Guinea pigs are suitable species that are commonly used in COPD studies [12, 4346]. These animals have many advantages as there are similarities between the anatomy and physiology of their lungs with those of humans [4649]. In addition, various similarities in physiological processes, especially airway autonomic control and response to allergen, have been shown between guinea pigs and humans [16, 44, 46]. However, there are disadvantages such as lack of molecular tools, the need to test numerous compounds for pharmacological studies, and the cost of purchasing and keeping the animals [10]. Since, the advantages outweigh the disadvantages, guinea pigs are being applied in studies related to asthma and COPD [13, 46]. These studies indicated that guinea pigs develop COPD and emphysema-like lesions after a few months of exposure to active tobacco smoke [44] and physiological changes that mimic COPD in humans were showed in smoke-exposed guinea pigs [16, 44]. For example, in order to induce COPD in these animals, guinea pigs were exposed for 8-9 min to 5 cigarettes/day, 5 or 6 days per week for 3 consecutive months, with [5053] or without filter [5458], (Table 1).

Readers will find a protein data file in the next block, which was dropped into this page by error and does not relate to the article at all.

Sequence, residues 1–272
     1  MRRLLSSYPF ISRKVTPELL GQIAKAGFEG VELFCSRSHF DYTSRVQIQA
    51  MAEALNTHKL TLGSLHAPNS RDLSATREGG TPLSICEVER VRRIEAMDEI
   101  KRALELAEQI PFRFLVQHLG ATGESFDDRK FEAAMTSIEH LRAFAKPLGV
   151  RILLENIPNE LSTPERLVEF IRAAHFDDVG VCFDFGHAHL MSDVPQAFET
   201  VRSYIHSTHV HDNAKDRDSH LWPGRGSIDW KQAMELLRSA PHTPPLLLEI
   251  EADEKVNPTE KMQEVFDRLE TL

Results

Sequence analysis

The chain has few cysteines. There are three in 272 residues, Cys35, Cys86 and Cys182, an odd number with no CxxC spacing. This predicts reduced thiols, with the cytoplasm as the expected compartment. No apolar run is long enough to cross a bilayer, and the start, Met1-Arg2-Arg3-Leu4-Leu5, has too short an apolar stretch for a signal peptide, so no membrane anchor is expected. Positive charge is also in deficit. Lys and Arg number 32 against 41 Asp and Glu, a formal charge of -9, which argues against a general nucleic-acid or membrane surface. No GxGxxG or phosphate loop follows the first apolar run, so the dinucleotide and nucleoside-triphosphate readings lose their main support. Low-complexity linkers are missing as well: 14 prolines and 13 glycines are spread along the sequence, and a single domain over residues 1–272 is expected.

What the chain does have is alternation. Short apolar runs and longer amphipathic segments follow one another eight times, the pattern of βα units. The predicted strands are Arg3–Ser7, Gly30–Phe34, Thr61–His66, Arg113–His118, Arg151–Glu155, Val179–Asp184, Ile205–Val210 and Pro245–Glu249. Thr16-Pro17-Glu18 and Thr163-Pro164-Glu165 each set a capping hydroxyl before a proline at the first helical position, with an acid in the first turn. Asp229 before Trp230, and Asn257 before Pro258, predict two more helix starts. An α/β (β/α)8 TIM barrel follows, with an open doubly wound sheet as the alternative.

Canine (Dog)

Dogs have been extensively used as a model of asthma and COPD [59], because the pathology and pathophysiology of chronic bronchitis and emphysema after exposure to CS in dogs are similar to humans [5961]. The canine model, similar to other models of COPD, has been used to examine new treatments before testing them in humans [59]. In a study, pulmonary fibrosis and emphysema were produced in dogs after direct inhalation of CS in a short period of time [62], (Table 1).